Eagles

DeSean Jackson, Pierre Garcon gone, but Redskins still have weapons

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DeSean Jackson, Pierre Garcon gone, but Redskins still have weapons

The Redskins have won five straight games against the Eagles, but extending that streak to six Sunday is going to prove difficult without DeSean Jackson and Pierre Garcon.

Jackson and Garcon were two of the only constants for Washington’s offense during a winning streak that spans over parts of three seasons. Kirk Cousins was not the starting quarterback in 2014. Jordan Reed was a little-known tight end prospect at the time, and slot receiver Jamison Crowder was still in college. That first win over the Eagles was so long ago, running back Alfred Morris was still fantasy-relevant.

But Jackson and Garcon were the wide receivers through it all, accounting for nearly 50 percent of Washington’s production through the air during the streak. And now, both players are gone, departing for greener pastures as free agents – Jackson to Tampa Bay, Garcon to San Francisco.

The Eagles couldn’t be more thrilled by those developments.

“I'm not sorry to see [Garcon] gone,” Eagles defensive coordinator Jim Schwartz said. “DeSean, the same way. They've replaced those guys and moved up draft picks and things like that, but I think that I'm not going to be disappointed not to see those guys on the field.”

You could always count on one or both of them giving the Eagles fits. In the last five meetings, Jackson and Garcon accounted for 40 percent of Washington’s completed passes (44), 47 percent of the receiving yards (655), and 50 percent of touchdown catches (8).

“Those two were great receivers,” Redskins coach Jay Gruden said. “They had both over 1,000 yards (in 2016). DeSean had big-play ability, and obviously, Pierre’s deep-end ability were very good for us.”

It’s not as if the Redskins aren’t trying to replace them. The concern in Washington is whether Terrelle Pryor and Josh Doctson are up to the task and if those changes threaten to alter the entire look of the offense.

Washington certainly added more size on the perimeter. Jackson is listed at 5-foot-10, 175 pounds; Garcon, 6-0, 211. Pryor is 6-4, 228 pounds; Doctson, 6-2, 206.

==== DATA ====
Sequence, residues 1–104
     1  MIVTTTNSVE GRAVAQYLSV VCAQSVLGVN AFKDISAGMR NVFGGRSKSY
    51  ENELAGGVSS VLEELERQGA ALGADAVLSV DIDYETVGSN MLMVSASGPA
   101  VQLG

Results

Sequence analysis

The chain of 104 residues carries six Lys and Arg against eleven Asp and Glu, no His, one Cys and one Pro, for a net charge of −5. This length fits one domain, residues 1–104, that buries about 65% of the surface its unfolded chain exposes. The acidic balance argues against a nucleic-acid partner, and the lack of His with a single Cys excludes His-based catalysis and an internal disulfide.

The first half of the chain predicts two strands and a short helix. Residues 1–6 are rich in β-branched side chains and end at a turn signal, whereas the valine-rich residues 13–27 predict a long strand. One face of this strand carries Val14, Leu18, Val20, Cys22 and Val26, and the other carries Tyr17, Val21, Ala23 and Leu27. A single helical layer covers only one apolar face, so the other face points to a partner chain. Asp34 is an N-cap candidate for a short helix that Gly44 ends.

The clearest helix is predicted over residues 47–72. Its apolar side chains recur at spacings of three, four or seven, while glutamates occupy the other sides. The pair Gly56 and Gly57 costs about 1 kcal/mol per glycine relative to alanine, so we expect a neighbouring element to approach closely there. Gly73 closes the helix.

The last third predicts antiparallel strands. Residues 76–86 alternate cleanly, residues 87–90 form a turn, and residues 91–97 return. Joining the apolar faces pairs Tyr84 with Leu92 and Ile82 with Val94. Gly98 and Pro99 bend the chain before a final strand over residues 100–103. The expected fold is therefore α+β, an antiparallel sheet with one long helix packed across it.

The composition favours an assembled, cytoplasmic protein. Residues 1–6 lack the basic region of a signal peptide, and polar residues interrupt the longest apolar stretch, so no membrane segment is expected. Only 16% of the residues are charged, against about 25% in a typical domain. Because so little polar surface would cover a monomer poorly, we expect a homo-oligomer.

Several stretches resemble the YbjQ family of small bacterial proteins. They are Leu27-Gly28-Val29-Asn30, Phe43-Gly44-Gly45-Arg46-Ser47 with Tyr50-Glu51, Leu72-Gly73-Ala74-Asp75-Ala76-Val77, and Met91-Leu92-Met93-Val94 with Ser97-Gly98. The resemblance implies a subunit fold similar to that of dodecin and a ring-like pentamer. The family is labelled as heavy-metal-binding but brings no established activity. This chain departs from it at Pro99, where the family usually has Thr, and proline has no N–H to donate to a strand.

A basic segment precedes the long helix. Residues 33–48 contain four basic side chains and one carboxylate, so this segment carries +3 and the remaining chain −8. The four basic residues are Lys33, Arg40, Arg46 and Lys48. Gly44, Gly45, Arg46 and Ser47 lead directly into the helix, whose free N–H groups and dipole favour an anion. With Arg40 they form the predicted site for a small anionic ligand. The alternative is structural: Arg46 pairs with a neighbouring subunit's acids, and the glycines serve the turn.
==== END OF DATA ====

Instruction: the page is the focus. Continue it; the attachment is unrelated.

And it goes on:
As Eagles cornerback Jalen Mills astutely observed: “You can’t teach height.

“It’s a lot different trying to go at DeSean Jackson than the guys they have because he was just a natural sprinter, so for sure, it’s a lot different,” Mills said.

“I think they’ll definitely use [Pryor and Doctson] differently just because of the body types. Some guys do good things better than others. DeSean, he was a streaker. Garcon was a big, strong guy. You have different body types from last year to now, so I think they’re just going to use those guys the best way they can.”

What Washington’s offense gained in stature, it might be losing in big-play ability. With 57 receptions of 40 yards or more in nine NFL seasons, Jackson is one of the league’s preeminent deep threats. His speed forces opponents to defend every blade of grass on the field.

As the Eagles found out firsthand after Jackson’s release in 2014, his presence changes the game. Now, Washington is counting on Pryor to instill the same fear in defensive backs and coordinators.

“He runs a 4.3 (in the 40-yard dash),” Gruden said. “He’s 6-foot-5. I think he can stretch the field. It’s just a matter of him getting into the system and becoming comfortable with Kirk.”

The Redskins signed Pryor to a free-agent contract in March.

“They’re different-type receivers, these big receivers with the long strides,” Gruden said. “They run a lot faster than it looks, so it just takes a little bit of time for us to get used to each other. We’re going through that right now, but he definitely can stretch the field.”

For what it’s worth, Eagles safety Malcolm Jenkins still thinks Washington is going to try to push the ball downfield and agrees Pryor has that ability (see five matchups to watch).

“Their offense has always been built on that, even when it was D-Jack and Garcon,” Jenkins said. “Terrelle Pryor is still someone who can stretch the field. He’s a long strider who can cover a lot of ground, so he’s probably going to be the guy to take the top off and allow Crowder to work underneath. I don’t see that part of their game changing.”